Google is reportedly investigating claims of insider involvement in the security breach that prompted its confrontation with the Chinese Government
Search engine giant Google is investigating whether some of its own staff are behind the repeated attempts to hack into the Gmail accounts of Chinese human rights activists.
Following the attacks earlier this month, Google warned that it was no longer willing to censor search results on its Chinese language site, www.google.cn, and was even considering closing its offices in China.
Google had reportedly discovered evidence that the cyber-attacks had originated from within China itself, and this was the culmination of several incidents, including the controversy it found itself in over the scanning of books by Chinese authors into Google Books.
In response to Google’s threat, the Chinese government warned that Google must “follow the law” and reiterated that censorship is the law in China.
And now it seems that the attacks, which have been described as “highly sophisticated“, may have originated even closer to home after the news agency Reuters said that one or more of Google’s employees in China may have helped facilitate the cyber-attack.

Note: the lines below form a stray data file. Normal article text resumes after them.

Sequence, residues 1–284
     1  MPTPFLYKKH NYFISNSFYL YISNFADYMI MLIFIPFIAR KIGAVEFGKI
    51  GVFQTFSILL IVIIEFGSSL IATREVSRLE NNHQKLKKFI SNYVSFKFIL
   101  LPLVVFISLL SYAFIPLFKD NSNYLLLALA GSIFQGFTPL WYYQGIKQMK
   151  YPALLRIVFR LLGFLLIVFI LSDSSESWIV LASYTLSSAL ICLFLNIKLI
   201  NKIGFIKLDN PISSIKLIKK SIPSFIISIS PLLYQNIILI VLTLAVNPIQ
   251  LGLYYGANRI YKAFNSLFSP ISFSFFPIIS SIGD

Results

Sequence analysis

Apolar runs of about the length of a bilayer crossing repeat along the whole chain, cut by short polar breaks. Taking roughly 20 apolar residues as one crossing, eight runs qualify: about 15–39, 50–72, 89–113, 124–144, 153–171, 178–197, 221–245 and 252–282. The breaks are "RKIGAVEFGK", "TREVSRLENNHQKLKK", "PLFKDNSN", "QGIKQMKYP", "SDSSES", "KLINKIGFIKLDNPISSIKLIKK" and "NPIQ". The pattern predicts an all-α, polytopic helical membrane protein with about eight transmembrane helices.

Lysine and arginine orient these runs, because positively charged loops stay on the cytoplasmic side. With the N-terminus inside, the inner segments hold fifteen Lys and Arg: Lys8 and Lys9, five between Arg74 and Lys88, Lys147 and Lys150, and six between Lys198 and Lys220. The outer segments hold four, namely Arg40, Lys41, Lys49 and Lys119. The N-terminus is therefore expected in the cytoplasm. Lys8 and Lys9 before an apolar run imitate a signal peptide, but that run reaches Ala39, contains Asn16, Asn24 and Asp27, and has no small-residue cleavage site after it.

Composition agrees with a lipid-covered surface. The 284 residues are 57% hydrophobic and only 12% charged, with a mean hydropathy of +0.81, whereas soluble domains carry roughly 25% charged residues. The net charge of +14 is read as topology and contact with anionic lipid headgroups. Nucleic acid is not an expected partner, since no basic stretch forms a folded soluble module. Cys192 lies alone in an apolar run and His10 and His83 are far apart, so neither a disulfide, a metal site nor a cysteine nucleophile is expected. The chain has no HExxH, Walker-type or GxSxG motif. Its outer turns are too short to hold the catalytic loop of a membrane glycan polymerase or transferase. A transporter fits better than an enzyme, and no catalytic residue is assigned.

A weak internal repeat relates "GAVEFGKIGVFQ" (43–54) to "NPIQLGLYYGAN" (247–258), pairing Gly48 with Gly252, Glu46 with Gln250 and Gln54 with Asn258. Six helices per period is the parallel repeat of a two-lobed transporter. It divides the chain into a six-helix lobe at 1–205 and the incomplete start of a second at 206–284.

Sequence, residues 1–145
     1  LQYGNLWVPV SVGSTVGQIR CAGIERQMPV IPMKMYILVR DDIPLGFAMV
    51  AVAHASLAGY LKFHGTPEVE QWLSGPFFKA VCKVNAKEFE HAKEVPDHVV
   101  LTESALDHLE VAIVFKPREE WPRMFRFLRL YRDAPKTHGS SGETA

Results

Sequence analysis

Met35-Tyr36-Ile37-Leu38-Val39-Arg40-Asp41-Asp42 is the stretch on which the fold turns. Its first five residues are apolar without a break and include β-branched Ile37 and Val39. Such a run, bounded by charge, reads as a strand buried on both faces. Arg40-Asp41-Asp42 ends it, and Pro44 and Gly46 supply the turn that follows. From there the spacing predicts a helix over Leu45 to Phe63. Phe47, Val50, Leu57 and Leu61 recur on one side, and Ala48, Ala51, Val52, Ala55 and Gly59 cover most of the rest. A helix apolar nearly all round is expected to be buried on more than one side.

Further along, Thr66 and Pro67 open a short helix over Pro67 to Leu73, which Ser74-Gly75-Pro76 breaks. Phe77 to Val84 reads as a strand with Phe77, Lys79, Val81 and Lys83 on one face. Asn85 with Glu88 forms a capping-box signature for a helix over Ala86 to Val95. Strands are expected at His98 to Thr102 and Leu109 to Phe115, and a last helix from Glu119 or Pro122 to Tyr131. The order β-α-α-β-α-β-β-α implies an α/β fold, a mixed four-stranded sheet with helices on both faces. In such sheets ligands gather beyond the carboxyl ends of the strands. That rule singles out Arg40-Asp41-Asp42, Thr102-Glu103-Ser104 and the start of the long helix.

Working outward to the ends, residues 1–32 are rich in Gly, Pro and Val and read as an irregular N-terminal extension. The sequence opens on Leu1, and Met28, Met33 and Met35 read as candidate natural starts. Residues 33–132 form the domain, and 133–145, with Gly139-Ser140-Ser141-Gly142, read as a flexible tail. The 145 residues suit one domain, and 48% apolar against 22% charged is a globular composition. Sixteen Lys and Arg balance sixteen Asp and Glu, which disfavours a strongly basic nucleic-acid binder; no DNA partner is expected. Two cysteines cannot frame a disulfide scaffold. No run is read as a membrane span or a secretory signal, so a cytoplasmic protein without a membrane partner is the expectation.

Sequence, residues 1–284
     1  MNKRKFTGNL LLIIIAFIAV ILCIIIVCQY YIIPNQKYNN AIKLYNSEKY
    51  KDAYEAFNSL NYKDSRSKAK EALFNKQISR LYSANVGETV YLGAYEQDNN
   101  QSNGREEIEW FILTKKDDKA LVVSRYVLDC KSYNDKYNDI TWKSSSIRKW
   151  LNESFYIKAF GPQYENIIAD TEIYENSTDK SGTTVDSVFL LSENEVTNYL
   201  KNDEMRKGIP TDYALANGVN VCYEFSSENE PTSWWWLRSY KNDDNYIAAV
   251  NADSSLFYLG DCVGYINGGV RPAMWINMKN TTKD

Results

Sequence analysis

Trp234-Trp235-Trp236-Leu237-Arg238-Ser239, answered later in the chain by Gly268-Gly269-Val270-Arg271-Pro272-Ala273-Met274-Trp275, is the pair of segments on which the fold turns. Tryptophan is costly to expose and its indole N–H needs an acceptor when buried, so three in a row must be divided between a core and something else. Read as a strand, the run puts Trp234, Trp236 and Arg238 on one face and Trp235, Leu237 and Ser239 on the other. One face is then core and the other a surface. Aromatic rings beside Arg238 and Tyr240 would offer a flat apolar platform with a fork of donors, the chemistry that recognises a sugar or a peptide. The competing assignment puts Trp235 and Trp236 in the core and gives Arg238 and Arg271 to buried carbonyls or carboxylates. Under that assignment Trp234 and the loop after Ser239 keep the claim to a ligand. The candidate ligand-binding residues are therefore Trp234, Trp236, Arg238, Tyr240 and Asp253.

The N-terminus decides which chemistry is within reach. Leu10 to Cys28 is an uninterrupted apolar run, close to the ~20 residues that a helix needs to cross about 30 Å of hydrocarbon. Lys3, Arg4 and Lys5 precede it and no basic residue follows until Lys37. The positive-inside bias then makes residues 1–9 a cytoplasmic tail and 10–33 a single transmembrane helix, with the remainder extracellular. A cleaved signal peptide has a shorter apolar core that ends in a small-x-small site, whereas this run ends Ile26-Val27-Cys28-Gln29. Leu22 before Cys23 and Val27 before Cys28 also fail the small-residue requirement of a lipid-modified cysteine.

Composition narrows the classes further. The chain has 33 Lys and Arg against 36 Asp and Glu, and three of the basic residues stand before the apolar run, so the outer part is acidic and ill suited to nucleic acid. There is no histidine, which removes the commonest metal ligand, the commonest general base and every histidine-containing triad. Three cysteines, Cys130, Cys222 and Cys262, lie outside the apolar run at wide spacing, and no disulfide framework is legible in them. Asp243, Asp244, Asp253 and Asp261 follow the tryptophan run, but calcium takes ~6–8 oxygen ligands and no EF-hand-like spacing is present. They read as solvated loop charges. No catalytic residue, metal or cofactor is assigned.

Sources who are familiar with the situation, told Reuters that the attack, which targeted people who have access to specific parts of Google networks, may have been facilitated by people working in Google China’s office.
“We’re not commenting on rumour and speculation. This is an ongoing investigation, and we simply cannot comment on the details,” a Google spokeswoman told the news agency.
Meanwhile local Chinese media outlets have reported (again quoting unnamed sources), that some Google China employees were denied access to Google’s internal networks after the hack, and that some staff were put on leave and others transferred to different offices in Google’s Asia Pacific operations.
Google is also apparently still in the process of scanning its internal networks since the attack.
Back in July last year, the Chinese Government suddenly cancelled its controversial plan to require Internet filtering software on all new computers sold in the country.